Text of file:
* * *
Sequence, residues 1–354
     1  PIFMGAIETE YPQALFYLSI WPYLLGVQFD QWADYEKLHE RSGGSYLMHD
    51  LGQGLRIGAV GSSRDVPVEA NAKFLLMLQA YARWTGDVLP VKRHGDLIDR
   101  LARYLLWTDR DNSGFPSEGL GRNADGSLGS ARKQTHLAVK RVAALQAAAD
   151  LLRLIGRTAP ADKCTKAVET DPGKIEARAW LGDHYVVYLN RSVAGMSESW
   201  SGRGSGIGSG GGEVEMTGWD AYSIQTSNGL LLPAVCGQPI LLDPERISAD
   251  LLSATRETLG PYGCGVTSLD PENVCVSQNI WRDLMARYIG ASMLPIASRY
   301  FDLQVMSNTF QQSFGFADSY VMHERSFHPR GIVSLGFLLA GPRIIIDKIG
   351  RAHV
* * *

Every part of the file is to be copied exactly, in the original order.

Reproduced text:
Sequence, residues 1–354
     1  PIFMGAIETE YPQALFYLSI WPYLLGVQFD QWADYEKLHE RSGGSYLMHD
    51  LGQGLRIGAV GSSRDVPVEA NAKFLLMLQA YARWTGDVLP VKRHGDLIDR
   101  LARYLLWTDR DNSGFPSEGL GRNADGSLGS ARKQTHLAVK RVAALQAAAD
   151  LLRLIGRTAP ADKCTKAVET DPGKIEARAW LGDHYVVYLN RSVAGMSESW
   201  SGRGSGIGSG GGEVEMTGWD AYSIQTSNGL LLPAVCGQPI LLDPERISAD
   251  LLSATRETLG PYGCGVTSLD PENVCVSQNI WRDLMARYIG ASMLPIASRY
   301  FDLQVMSNTF QQSFGFADSY VMHERSFHPR GIVSLGFLLA GPRIIIDKIG
   351  RAHV